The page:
Some investors may prefer to hold onto a physical store of palladium and don’t mind having to store and insure their assets. Others, however, may want to hold a paper form of palladium or a certificate of ownership. Then they don’t have the worries of holding onto their physical precious metal.
The more savvy investor may look toward Exchange Traded Funds (ETFs) and futures. Millennials, who are prone to a higher acceptance level of digital currencies, may prefer a palladium-backed stable coin such as Palladium Coin as their choice of investment.
Whichever type you choose will depend on your level of investment experience, your available capital, and your capacity and willingness to store it safely.
Investing in physical palladium generally means purchasing the precious metal in its different forms. But physical means it’s something tangible. There are three major ways to do this:
- Official government mints in Canada, Russia, Sierra Leone, and the US issue palladium coins that investors can purchase online. When buying physical palladium this way, the value of the metal content has a guarantee of the quality and palladium content from the minting entity.
- Collectible coins also come originally from mints but are often made available to investors from individual sellers. An investor should have some knowledge of how to assess the value of collectibles in order to make a sound investment in this manner.
- Rounds & Bars – Palladium rounds and bars come in different weight sizes. Investors can easily purchase them from government mints or private companies online who mint them for resale.
A palladium ETF tracks the price of the precious metal or a basket of assets, including palladium. These types of ETFs are not nearly as common as Gold and Silver ETFs, but there are several that are currently in existence:
- The Aberdeen Standard Physical Palladium Shares fund (PALL) is an ETF which currently has approximately $365.39 million in assets under management. PALL holds physical bullion and is not a derivatives contract. The fund held over 161,500 ounces of palladium in a secured vault as of March 31, 2020. Founded in 2009, PALL has returned over 17% annually since its inception.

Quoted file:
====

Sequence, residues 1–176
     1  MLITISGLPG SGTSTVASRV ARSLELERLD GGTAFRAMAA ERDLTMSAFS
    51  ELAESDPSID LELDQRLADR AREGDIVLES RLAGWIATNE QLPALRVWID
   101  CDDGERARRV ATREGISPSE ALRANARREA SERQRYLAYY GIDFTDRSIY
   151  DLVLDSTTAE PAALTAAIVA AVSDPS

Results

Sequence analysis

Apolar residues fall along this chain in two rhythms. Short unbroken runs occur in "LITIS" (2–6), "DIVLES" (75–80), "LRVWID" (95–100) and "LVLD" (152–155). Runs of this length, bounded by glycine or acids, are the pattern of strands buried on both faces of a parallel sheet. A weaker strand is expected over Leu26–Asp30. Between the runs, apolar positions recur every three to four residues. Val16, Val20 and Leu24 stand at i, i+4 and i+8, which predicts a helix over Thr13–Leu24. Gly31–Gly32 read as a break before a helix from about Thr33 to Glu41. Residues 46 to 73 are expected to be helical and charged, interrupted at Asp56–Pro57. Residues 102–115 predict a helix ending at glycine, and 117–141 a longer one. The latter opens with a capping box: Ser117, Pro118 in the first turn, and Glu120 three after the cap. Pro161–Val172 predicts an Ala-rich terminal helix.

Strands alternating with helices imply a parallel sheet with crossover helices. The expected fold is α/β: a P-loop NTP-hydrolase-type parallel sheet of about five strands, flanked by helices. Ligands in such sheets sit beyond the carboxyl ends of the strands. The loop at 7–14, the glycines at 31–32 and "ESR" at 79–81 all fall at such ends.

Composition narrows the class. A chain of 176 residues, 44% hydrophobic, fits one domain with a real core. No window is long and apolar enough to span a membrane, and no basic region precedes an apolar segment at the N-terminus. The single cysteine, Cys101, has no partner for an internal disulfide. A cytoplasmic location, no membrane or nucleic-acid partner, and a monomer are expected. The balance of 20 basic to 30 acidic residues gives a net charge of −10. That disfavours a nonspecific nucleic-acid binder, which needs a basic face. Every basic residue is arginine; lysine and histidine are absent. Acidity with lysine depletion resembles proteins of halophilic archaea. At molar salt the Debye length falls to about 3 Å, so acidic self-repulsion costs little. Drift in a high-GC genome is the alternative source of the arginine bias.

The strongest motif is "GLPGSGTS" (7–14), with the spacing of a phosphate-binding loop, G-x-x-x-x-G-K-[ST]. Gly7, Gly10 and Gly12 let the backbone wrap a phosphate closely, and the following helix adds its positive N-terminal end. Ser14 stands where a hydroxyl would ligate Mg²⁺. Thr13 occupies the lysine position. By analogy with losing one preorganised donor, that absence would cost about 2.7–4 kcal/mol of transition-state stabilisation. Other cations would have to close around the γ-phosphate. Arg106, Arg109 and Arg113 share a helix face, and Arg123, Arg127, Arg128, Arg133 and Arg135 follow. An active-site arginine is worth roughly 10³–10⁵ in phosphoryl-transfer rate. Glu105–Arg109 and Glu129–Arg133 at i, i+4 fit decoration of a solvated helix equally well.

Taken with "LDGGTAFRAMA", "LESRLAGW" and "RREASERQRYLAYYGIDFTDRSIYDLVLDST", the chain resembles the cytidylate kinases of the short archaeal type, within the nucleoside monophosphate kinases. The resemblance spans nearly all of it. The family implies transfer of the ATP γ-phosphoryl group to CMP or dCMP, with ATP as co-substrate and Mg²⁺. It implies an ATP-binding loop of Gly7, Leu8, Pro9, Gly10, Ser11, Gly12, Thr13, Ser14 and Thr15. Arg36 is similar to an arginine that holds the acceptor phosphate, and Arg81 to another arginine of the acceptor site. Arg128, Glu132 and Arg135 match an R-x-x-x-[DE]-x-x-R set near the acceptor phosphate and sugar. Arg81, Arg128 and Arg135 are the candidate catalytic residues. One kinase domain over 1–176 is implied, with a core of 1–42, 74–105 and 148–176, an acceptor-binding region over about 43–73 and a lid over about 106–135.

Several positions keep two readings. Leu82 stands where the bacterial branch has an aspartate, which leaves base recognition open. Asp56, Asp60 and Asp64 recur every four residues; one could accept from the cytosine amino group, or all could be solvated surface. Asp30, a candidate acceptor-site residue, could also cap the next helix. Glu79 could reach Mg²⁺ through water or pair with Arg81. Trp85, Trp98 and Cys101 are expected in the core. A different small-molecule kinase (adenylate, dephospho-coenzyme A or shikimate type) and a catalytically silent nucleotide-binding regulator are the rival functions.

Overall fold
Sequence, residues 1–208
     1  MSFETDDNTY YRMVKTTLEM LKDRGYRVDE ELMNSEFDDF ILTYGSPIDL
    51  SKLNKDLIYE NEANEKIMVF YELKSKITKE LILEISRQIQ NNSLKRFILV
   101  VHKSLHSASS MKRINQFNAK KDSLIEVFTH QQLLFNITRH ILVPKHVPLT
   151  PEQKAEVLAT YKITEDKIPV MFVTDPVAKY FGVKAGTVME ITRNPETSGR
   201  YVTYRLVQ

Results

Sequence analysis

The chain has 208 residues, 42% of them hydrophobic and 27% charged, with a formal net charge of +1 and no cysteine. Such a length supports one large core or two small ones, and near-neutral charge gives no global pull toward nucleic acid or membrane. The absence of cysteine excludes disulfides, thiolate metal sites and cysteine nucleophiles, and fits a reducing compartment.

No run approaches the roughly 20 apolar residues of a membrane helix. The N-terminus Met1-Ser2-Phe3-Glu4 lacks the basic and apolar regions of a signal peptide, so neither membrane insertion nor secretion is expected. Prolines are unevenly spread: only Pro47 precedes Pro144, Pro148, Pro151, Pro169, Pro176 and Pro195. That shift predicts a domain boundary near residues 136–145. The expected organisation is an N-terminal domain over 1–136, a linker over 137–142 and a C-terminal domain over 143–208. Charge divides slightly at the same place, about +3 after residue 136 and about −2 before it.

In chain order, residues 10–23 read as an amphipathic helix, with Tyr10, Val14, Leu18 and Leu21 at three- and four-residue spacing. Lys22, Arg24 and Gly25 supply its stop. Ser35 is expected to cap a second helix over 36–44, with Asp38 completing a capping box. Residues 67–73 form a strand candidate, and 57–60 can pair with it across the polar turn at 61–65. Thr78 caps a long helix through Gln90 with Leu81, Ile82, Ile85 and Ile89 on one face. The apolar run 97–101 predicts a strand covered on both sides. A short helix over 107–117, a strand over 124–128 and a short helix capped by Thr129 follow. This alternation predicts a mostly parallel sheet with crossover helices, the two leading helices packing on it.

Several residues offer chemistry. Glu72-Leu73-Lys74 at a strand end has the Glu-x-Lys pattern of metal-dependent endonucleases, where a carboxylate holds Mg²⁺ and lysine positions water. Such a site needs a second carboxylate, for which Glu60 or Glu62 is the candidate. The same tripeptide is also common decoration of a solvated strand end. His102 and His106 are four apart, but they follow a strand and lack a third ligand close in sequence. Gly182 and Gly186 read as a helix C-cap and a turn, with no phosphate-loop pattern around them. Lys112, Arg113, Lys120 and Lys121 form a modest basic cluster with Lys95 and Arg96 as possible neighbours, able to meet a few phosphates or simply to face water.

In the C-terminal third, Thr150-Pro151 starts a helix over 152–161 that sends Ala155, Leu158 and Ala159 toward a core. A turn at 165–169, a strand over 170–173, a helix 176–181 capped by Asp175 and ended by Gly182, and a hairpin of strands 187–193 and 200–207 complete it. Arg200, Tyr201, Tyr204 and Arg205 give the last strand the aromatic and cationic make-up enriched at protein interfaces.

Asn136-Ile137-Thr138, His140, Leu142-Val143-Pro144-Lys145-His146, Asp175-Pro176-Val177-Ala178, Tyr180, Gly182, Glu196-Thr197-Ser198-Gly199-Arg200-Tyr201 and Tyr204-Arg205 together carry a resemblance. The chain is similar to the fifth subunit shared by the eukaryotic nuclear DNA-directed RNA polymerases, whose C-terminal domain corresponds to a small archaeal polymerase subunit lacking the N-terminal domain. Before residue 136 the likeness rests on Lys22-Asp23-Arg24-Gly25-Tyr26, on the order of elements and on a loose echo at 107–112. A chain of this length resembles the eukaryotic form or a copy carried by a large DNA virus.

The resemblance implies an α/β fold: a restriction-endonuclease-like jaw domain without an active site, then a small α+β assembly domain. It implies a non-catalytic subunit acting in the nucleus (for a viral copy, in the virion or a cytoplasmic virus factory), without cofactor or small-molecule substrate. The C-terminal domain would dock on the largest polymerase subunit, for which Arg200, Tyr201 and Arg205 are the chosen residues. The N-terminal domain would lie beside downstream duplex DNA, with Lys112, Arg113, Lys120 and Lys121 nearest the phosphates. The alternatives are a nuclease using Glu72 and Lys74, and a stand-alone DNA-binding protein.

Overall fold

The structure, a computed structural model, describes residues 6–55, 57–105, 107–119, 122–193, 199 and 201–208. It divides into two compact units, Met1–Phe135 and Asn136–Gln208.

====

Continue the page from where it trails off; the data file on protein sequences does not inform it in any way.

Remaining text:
- The Sprott Physical Platinum and Palladium Trust (SPPP) tracks prices for palladium and platinum and also has physical bullion in its holdings. It currently has over 24,000 ounces of platinum and 44,000 ounces of palladium. The SPPP has returned 6% annually since its creation in 2012.
- The Aberdeen Standard Physical Precious Metals Basket Shares ETF (GTR) invests in a variety of precious metals, primarily silver. But it also includes some percentage of palladium and platinum bars. The GTR has been notoriously flat since its inception in 2010.
Futures represent contracts to buy or sell palladium at a future time with a predetermined price. Investing in futures is more complex than simply buying physical palladium or buying shares of a fund. Futures price action since early 2018 and up to 2020 was bullish but has leveled off since that time.
Experienced investors can trade palladium futures at the New York Mercantile Exchange (NYMEX) and the Tokyo Commodity Exchange (TOCOM). At the New York exchange, palladium futures are quoted in USD per ounce and trade in lot sizes of 100 ounces.
Another way to gain exposure to palladium is to invest in businesses that have a focus on palladium. This is another complex strategy for palladium investing, especially since the majority of palladium is produced in just a few countries, which limits the businesses that interconnect with the industry. For that reason, it may be hard to find stocks that are appropriate for palladium-only investment purposes.
However, two palladium mining companies in North America are publicly listed:
- Sibanye-Stillwater (NYSE:SBGL)
- North American Palladium (TSX:PDL, OTC Pink: PALDF)
Other public companies offer some (but not full) exposure to palladium, such as Grid Metals (TSVX:GRDM), Ivanhoe Mines (TSX:IVN, OTCQX:IVPAF), and New Age Metals (TSX:NAM, OTCQB:NMTLF).
One of the newest ways to invest in palladium is by purchasing a stable digital currency backed by palladium stores. With Bitcoin, Ethereum, and other cryptocurrencies gaining massive exposure in recent years, stable coins like Palladium Coin often represent the onramp to further cryptocurrency investing.
A stable coin that is pegged to palladium reserves offers the convenience of buying digitally, the security of blockchain transactions, and the ease of purchasing any incremental amount. With cryptocurrencies, it’s easy and cheap to buy a small amount, thus furthering the democratization of stocks into the digital realm.
A recent study revealed that more than 35% of millennials who were aware of crypto thought it was a good investment. This tech-savvy generation is already highly invested in digital assets, especially compared with older generations. Moving to a stable coin backed by precious metals like palladium will appeal to the millennial’s desire to digitize their money and investments.
Who should invest in palladium?
Every investor is different, and there are many types of palladium investment vehicles to match each investor’s needs and experience level. No matter what level you may be at, palladium represents a precious metal with a proven background of returns and a hopeful future of increasing demand.
Buying bars and coins online from a mint represent the simplest way to invest in palladium and can be done by anyone with a device. Getting in on ETFs and futures may require either strong investment experience or a trusted professional’s help. And investing in palladium stocks is perhaps the most complex form and best left to the trading experts. That leaves investing in a palladium-backed stable coin, which may be the preferred choice of the next generation.